Oct 25

Nick Cassway gives the inside scoop on Tacony's cool solar parklet

by: Carly Rapaport-Stein

Nick Cassway is an artist-in-residence at the Tacony LAB, and he’s experimenting with some pretty neat stuff in the historic neighborhood. Read on to learn about Nick’s artistic philosophy and the exciting work happening in and around the LAB.

Carly: I’d love to start out by hearing about you as an artist: tell me about your style and your path.

Nick: I’ve always made stuff, and I come out of a creative background. My mom is a painter, my dad’s an architect, so all I ever wanted to do as a kid was to draw and to go to art school – which I did, and I graduated from Tyler School of Art in 1990 with a BFA in painting.  I studied abroad in Rome for a year, which was awesome, and since graduating from art school in 1990, I’ve lived in Philadelphia and have been steadily involved in the art scene in the city, making my work and showing my work.

I started an independent curating group called Dissentia, and we called it a “guerilla curating group” because we did all kinds of unusual projects – like stuff in a Uhaul truck, a show in a bathroom, and a show where you could steal all the artwork. I was involved as an artist and then, eventually, as the executive director at Nexus Foundation for Today’s Art, which no longer exists, but was Philadelphia’s oldest co-op artist group. I was a director for 6 years, we moved from Old City up to the Crane building then did some really fun programs, like a pirate radio station. I like doing projects like that, pushing boundaries.

My inclination as an artist is always to do something bigger and more involved, a lot more conceptual. Which takes me to the present, where I’m actively developing experimental surface design, like wallpaper and textiles.

I also teach design, graphic design, editorial design, and brand identity full-time at Drexel University’s Design and Merchandising program. My artwork is very heavily influenced by design, and I see myself as a painter and a designer. Part of my artistic vision and my artistic philosophy stems out of this need to communicate, which is kind of taken from the world of graphic design. With my students and the clients that I work with, I focus on who are you speaking to and what are you saying. When you’re working with clients it’s usually a little more straightforward, but when I’m working for myself it can be a lot more freeform, but my philosophy still is that it needs to resonate. There needs to be this acknowledgment that someone is going to look at it, even if it’s just one person. It needs to resonate on some level, and it needs to have some kind of meaning. Everyone goes “what does it mean, what does it mean?” but it needs to have meaning and that’s a component of my artistic philosophy.

Nick Cassway's solar park is installed in front of the LAB. Photo by Steve Weinik.

Carly: How did that philosophy influence the project you’re doing with Tacony?

Nick: The Tacony project is a little different. I wanted to find a project that meant something to the residents of the neighborhood in terms of some kind of civic improvement that had some artistic design value to it. I looked into the needs of the library and the needs of the space, thinking about what kind of activities take place there and what the needs of the community might be. We landed on trying to create a parklet.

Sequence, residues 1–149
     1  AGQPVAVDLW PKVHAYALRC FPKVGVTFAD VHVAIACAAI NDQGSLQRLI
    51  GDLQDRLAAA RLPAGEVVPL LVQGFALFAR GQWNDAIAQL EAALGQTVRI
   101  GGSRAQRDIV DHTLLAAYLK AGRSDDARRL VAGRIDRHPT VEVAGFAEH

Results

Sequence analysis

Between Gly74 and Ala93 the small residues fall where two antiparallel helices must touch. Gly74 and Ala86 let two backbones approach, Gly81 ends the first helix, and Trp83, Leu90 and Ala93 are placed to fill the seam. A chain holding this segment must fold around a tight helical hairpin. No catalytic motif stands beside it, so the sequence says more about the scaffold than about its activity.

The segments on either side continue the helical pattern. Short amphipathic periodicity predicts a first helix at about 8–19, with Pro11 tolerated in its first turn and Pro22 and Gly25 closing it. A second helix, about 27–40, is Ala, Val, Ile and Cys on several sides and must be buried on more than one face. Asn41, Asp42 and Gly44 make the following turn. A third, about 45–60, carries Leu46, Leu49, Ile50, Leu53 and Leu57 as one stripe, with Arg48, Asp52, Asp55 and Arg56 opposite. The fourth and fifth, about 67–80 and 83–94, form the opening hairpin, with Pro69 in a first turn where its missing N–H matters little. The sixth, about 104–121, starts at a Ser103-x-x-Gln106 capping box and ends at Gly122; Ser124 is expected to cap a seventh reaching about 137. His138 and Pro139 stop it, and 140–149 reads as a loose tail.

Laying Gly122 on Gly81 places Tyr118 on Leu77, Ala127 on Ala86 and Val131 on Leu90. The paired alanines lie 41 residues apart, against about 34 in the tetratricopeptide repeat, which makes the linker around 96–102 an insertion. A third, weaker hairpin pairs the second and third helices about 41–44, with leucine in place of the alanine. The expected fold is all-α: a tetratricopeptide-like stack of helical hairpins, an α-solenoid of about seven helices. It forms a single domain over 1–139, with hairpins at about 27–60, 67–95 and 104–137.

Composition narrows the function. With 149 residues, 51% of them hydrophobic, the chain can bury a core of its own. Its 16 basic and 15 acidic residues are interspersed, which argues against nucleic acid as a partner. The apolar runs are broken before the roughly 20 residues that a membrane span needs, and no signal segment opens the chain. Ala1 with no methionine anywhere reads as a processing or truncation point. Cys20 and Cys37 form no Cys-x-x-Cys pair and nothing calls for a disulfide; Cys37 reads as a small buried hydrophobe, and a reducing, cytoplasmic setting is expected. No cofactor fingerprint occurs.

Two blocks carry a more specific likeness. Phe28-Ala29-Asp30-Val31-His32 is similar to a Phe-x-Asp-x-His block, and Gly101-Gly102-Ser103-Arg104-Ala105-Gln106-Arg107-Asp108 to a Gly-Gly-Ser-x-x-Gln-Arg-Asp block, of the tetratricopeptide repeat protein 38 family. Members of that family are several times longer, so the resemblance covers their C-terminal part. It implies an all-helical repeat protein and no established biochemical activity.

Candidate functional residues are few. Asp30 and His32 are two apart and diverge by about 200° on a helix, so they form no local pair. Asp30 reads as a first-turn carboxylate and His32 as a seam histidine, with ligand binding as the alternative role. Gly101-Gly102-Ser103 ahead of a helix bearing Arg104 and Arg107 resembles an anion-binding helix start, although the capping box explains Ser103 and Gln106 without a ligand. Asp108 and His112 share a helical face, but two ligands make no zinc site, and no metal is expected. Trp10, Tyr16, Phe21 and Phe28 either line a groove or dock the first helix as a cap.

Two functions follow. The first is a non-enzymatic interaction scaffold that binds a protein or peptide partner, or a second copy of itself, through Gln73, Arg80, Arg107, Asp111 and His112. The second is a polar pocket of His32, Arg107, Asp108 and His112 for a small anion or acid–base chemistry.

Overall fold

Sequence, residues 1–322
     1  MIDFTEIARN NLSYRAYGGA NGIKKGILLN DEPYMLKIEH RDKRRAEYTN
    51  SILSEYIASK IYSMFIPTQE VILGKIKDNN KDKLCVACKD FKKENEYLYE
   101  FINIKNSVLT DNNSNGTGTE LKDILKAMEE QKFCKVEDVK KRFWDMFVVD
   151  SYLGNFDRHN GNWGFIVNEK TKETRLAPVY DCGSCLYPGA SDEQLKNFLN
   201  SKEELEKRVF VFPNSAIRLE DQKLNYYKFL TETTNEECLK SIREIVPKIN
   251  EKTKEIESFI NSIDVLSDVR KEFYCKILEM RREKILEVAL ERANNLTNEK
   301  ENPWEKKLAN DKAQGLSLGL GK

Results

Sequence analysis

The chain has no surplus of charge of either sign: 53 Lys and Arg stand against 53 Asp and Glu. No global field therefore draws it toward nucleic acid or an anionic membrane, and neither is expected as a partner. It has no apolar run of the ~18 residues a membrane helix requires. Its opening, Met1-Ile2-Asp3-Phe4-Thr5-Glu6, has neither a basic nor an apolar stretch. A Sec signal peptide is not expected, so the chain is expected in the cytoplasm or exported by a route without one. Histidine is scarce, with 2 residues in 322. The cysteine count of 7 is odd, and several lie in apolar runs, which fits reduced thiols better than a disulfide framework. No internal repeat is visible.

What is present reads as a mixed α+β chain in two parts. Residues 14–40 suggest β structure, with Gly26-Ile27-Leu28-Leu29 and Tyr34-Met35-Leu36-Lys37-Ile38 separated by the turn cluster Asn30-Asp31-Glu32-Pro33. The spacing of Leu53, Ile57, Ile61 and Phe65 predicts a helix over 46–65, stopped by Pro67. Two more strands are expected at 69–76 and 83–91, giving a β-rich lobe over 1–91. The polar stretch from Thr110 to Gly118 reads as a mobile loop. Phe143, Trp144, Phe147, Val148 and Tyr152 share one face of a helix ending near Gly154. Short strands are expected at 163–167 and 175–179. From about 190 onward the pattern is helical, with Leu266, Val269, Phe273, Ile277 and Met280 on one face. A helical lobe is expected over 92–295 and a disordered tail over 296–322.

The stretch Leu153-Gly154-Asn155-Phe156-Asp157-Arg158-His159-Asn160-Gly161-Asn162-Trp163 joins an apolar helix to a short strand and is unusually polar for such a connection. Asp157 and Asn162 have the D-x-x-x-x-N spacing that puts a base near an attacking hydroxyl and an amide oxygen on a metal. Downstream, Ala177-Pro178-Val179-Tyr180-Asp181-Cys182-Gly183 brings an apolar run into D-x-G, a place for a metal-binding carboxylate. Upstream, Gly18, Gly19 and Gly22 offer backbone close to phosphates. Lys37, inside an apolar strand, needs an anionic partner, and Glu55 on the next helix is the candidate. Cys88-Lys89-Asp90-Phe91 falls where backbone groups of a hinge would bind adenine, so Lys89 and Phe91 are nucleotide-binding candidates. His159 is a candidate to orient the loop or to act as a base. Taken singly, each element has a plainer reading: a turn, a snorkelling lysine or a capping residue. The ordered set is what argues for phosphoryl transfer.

The parklet takes over two parking spots in front of the library, and could be used by people having their lunch, by the library to do story time or activities, just for any kind of social gathering. It transforms the space. The other day, I was sitting in the parking space at a table, and it was a whole different perspective of the world from there.

Nick Cassway installs the solar park. Photo by Steve Weinik.

Carly: It’s neat that you’re looking into perspectives, and I understand that much of the project is based around a historical perspective of Tacony.

Nick: Exactly, we wanted to tie the project into Tacony history. That’s a huge thing in Tacony, and it’s really charming. It’s a neighborhood that’s had some highs and lows but there’s people who still are passionate about the history of the neighborhood. It had famous residents like the Disston family and industries like the Disston Saw Works. As we were doing initial investigation into the history of the neighborhood, I learned about Frank Shuman, who was a turn-of-the-century inventor who basically invented the photovoltaic solar energy, or the whole idea of solar energy. We wanted to pay homage to him, to acknowledge another famous resident of the neighborhood, and made the parklet solar powered. After talking with neighbors about the project, it’s great to see that everyone’s getting really excited to see this thing happen.

Carly: Thanks so much, Nick, and enjoy the Tacony LAB fest on Thursday!

Last updated: Oct 21, 2016

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Chris Labovitz says

Dedicated tonight. Great job. Thanks for helping Tacony in its revitalization. Your partnership is very welcomed and appreciated.

Betty Kirk says

Congratulations ! Wonderful article. by the way Frank Schumann has 32 patents. He invented safety glass and made his first mil!ion and he only went to 4th grade. Betty Kirk from Tacony